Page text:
Taigen Kawabe is still a little jet-lagged after spending the better part of January in Japan.
“I did something like 17 shows,” he says from his home in the U.K., before detailing how this jaunt took him from Sendai to Okinawa. “It’s kind of weird coming back to London, being in one place.”
A handful of those Japan gigs were with Bo Ningen, the rock group Kawabe helped form in 2006 as bassist and vocalist. More performances, however, were for his new solo project, Ill Japonia, which pushes the 33-year-old out of his comfort zone. Under this guise he raps, trading in guitars and vocals buried in feedback for chilly trap beats that put the spotlight on his words. Ill Japonia’s debut EP, “Ill,” served as the maiden release for London label Eastern Margins on Feb. 7. That same month, he opened for British rock group Black Midi on its tour of the U.K. and Ireland.
Ill Japonia serves as a creative rebirth of sorts for Kawabe. In the past few years, he says he has become fascinated by a rising community of Japanese trap rappers who are a decade his junior. These artists, like Tokyo-based Mall Boyz or Shaka Bose, draw influence from American acts, particularly a subset of hip-hop dubbed “SoundCloud rap” by music journalists to refer to a melodic, sing-rap style that proliferated on the titular platform.
“Some of them really speak about just doing whatever you want, which I feel like teenagers used to say 20 years ago in Japan,” Kawabe says. “Then all the middle-aged people and commenters on TV really criticized them. Nowadays, time has caught up with that healthy thought of living in the moment.”
“Ill” finds Kawabe barring his soul via rap, resulting in a set of tracks he says are among his most direct to date.
“I mean, I’m not a teenager or a 20-something — I’m 33 now,” he says. “But at this age, I can finally say from my point of view that you have to enjoy things rather than struggle. I need to enjoy the moment and say something I want to say.”
His songs range from celebrations of the spiritual benefits of visiting a sauna to meditations on his first nights out alone as a teenager and warnings to the new generation.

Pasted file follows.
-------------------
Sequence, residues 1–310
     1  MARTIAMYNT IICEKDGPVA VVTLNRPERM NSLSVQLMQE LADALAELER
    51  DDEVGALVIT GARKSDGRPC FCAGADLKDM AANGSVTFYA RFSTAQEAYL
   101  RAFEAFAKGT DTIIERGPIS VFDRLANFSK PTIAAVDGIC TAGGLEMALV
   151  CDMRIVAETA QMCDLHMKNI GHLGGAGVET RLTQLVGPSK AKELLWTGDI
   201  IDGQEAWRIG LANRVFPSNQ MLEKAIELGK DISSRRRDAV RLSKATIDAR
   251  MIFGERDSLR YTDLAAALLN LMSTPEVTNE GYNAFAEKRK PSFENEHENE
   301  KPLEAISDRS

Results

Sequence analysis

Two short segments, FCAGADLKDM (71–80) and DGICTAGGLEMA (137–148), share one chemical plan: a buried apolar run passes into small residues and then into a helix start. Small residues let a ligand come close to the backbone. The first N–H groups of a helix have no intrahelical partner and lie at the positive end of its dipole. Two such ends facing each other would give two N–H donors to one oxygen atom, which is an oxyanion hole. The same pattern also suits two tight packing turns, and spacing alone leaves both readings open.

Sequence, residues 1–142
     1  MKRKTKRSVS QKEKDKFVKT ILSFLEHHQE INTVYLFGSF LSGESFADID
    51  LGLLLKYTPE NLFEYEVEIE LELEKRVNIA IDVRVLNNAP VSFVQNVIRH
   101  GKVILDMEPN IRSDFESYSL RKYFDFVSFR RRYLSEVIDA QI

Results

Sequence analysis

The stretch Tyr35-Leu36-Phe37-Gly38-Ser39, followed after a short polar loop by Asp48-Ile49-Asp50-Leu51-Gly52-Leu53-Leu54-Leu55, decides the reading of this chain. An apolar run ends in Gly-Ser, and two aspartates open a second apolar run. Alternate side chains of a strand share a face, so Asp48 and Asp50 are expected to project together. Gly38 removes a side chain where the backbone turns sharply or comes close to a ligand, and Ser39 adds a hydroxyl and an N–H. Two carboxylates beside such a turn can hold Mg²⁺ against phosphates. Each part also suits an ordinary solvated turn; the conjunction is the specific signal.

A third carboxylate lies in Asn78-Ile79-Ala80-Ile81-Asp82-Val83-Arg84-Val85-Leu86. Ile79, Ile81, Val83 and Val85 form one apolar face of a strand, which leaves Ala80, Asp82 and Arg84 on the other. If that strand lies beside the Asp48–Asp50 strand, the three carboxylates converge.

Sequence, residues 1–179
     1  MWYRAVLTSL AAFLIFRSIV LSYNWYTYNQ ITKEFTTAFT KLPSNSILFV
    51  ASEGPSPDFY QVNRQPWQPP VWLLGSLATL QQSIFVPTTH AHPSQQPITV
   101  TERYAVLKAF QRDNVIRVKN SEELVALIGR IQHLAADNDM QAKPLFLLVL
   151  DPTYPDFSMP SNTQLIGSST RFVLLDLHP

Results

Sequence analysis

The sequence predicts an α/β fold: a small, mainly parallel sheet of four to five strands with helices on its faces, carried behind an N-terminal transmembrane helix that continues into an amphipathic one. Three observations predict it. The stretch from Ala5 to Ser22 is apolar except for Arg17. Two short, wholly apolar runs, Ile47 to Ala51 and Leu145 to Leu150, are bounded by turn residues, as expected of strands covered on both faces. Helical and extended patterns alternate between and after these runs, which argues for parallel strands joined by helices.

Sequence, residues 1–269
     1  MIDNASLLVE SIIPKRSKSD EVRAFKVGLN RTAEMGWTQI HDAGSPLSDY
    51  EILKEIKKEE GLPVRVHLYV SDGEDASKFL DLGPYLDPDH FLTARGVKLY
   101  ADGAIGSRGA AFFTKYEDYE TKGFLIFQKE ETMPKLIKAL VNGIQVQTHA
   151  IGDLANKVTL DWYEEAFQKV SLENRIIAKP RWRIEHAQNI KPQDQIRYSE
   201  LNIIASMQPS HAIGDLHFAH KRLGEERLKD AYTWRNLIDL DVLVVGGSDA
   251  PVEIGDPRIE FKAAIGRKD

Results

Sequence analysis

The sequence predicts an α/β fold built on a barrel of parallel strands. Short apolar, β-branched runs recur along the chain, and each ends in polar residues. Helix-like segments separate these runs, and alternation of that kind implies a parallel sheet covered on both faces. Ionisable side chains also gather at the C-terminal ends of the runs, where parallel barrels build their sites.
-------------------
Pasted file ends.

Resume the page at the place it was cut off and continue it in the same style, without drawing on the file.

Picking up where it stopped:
“Overall, there’s a real sense of optimism and hope that pervades the EP,” David Zhou, better known as Lumi and co-founder of Eastern Margins, says. “Taigen is someone who hasn’t let life’s trials and tribulations wear him down; there’s a childlike wonder to his outlook on life that’s beautifully reflected in his music.”
Kawabe says this change came thanks to two other Japanese artists. The first was electronic musician Takahide Higuchi, better known as Foodman, whom he met in 2014.
“He’d always start freestyling. Like, when we’d go to drinks or even walking on the street on the way to the club, he’d always play a tune from his iPhone and he’d start rapping,” Kawabe says. This nudged the bassist toward freestyling himself, which he flirted with on the opening song of Foodman’s 2016 album “Ez Minzoku” and which he explored further via a project with Foodman called Kiseki.
However, it was encountering another Japanese artist, Germany-based creator Teppei Ozawa (better known creatively as Miss Hawaii), really pushed him to give rap a shot.
“It was when Bo Ningen was on tour in Hamburg,” he recalls. “He came to a show and we started to freestyle, and he freestyled in German. Then, I went to his house and recorded raps.” This partnership evolved into Akadama Bros, a hip-hop project involving Kawabe, Ozawa and rapper Chinza Dopeness.